Independence and Responsibility in First and Second Grade

Throughout each year children, in my combined first and second grade, were told our class was like one big family within our school community with respect, thoughtfulness, and support for one another. Sometimes they had choices with freedom to be unique when it didn’t interfere with the rights of others. Children should have rights and independence as long as it’s with an equal amount of responsibility. They must coexist. A teacher once told about believing that developing independence in young children was a mistake. He told about a child who thought he could do anything at all causing great problems in the class. He said he was totally independent resulting in such negative results. Well, that child did not have an equal amount of responsibility. The same thing is true with freedom. Great freedom in a class without responsibility creates chaos – but such harmony when blended.

Read more about programs, including a section on Personal Development and Social Interaction, in my book, Early Childhood Programs: Opportunities for Academic, Cognitive, and Personal Success. Included is a web site where programs and activities can be downloaded for use in a classroom. Also, see 7 reviews on www.amazon.com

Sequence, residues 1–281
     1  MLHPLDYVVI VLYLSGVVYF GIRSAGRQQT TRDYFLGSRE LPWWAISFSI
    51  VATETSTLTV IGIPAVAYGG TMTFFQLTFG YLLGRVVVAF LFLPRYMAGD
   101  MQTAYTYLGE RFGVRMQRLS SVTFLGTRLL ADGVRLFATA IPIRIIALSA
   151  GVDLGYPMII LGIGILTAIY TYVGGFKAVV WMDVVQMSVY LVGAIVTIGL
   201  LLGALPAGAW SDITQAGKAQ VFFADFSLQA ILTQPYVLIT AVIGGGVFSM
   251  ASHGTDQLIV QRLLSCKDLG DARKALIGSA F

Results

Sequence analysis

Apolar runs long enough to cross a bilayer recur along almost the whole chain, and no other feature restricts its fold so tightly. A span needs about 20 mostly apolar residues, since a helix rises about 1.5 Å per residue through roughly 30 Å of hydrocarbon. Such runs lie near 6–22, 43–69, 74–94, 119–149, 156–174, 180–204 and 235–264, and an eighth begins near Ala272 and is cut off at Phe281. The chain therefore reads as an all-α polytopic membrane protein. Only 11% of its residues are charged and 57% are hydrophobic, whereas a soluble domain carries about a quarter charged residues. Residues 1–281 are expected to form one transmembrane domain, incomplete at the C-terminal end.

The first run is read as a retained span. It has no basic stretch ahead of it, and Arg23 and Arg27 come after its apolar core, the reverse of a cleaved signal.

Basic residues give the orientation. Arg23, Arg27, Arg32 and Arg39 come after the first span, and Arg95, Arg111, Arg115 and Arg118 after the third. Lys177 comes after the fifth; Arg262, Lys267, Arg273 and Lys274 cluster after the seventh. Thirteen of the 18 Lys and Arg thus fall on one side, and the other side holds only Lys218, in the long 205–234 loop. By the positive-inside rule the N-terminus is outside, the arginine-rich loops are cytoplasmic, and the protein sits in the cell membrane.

A Concentration Game for Learning Beginning Sounds

A simple concentration game was made with cards and stickers. A pack of plain cards were divided in half. Half the cards were made with a letter on each one and the other half with a picture of something, usually cut out of a beginning sounds workbook, which would begin with one of the letters. Two different stickers were found that went together, such as Mickey Mouse and Minnie Mouse. Then Mickey Mouse was on the back of each letter card and Minnie Mouse on the back of each picture card. Then all cards were placed down with Minnie and Mickey facing up. A child would pick up a Minnie and a Mickey card to see if they matched. If so, she kept the cards and if not, replaced them. Another way cards were made was to use the same sticker on every card but the letter cards were a different color than the picture cards. So a child would pick up two cards, each a different color. The winner, of course, when all cards were gone, was the one with the most cards.

Read more about the reading programs along with games and activities in my book, Early Childhood Programs: Opportunities for Academic, Cognitive, and Personal Success. Included is a web site where programs and activities can be downloaded for use in a classroom. Also, see 7 reviews on www.amazon.com

   Teaching Young Children © Peggy Broadbent 2011 - All Rights Reserved